“A major focus of my practice is advanced laparoscopic procedures,” Tummers says.

“These minimally invasive surgeries utilize specialized instruments and a miniature video camera, which allows me to see inside the body and perform a variety of procedures, such as hernia repair and gallbladder removal. For my patients, minimally invasive surgery means smaller scars and a quicker return to normal activities.”

KCDC elects 2018-19 board of commissioners

Knoxville’s Community Development Corporation has elected its 2018-19 officers for the board of commissioners.

l John Winemiller, managing partner of intellectual property law firm Merchant & Gould’s Knoxville office, will continue for a second year as chairman.

He was appointed to the board by Knoxville Mayor Madeline Rogero in 2014 for a five-year term.

-- Bob Whetsel, retired city of Knoxville director of redevelopment, will continue as vice chairman. He was appointed to the board by Rogero in 2016 for a five-year term.

-- Gloria Garner, a retired community organizer, was elected treasurer for a second year. Following completion of a partial term beginning in 2016, Garner was reappointed by Rogero for a five-year term.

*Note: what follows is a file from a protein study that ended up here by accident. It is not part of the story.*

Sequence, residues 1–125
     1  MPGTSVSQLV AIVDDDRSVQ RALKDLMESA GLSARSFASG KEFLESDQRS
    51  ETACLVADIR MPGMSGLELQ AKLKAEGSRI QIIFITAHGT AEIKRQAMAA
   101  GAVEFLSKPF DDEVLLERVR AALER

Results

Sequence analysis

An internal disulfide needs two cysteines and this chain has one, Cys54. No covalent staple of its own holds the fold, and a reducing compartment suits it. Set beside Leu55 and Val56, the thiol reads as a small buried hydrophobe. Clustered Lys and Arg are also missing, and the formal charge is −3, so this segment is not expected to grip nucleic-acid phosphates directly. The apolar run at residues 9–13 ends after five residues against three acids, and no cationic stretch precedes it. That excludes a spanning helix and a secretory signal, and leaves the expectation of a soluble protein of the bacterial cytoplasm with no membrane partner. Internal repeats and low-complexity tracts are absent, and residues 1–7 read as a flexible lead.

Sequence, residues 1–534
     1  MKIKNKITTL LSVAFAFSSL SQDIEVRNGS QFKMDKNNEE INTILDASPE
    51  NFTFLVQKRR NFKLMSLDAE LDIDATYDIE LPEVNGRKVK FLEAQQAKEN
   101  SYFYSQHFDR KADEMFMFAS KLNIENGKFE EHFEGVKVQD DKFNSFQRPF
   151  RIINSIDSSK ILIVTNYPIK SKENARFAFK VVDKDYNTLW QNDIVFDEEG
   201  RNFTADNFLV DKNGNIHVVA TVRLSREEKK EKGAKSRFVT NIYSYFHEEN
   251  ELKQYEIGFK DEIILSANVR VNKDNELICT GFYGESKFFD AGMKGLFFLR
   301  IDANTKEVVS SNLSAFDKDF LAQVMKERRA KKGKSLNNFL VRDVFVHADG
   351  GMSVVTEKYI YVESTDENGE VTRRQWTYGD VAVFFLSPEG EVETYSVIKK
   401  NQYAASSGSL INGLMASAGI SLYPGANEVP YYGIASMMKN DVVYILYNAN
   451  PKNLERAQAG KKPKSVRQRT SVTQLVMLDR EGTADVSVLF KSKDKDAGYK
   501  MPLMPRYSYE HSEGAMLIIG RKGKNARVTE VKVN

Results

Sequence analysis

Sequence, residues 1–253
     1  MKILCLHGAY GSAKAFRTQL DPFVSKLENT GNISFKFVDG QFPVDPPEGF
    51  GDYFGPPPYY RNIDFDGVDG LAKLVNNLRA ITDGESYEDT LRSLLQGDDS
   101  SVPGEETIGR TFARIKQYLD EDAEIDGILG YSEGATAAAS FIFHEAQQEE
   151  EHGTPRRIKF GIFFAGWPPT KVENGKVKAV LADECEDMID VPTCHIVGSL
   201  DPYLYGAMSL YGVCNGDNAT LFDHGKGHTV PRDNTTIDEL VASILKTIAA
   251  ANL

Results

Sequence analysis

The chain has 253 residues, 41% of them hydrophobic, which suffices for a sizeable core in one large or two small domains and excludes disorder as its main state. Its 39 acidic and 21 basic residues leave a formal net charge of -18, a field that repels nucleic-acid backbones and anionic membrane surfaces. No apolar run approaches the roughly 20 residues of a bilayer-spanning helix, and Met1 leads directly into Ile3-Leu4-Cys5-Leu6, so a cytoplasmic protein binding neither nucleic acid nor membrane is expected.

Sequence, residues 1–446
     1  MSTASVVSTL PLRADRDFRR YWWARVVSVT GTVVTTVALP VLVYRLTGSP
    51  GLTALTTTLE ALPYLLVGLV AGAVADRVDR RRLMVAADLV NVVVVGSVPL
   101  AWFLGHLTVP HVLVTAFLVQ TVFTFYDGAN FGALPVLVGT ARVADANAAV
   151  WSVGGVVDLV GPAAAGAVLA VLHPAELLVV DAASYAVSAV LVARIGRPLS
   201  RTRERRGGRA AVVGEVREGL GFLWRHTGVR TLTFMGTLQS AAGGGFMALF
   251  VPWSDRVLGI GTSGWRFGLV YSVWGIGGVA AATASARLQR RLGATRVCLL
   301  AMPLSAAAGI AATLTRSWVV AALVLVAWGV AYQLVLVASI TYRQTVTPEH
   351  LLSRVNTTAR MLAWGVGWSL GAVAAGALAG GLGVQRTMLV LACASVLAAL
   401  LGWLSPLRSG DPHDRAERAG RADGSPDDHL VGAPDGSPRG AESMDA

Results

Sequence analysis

-- Ben Bentley, KCDC executive director and CEO, serves as secretary.

ORNL researchers earn Early Career awards

Cao

Two Oak Ridge National Laboratory researchers are among 84 recipients of Department of Energy’s Office of Science Early Career Research Program awards.

The honorees are Huibo Cao and Benjamin Doughty who specialize in neutron and chemical science.

The Early Career Research Program supports the development of individual research programs of outstanding scientists early in their careers and stimulates research careers in the disciplines supported by the DOE Office of Science.

Doughty

Cao, of ORNL’s Neutron Scattering Division, was selected for his proposal, “Local site magnetic susceptibility for quantum materials by polarized neutron diffraction,” by the Office of Basic Energy Sciences.

Benjamin Doughty, of ORNL’s Chemical Sciences Division, was selected by the Office of Basic Energy Sciences for his proposal, “Chemical Organization, Structure and Dynamics at Complex Liquid-Liquid Interfaces: Mechanistic Insight into Selective Solvent Extraction and Self-Assembly.”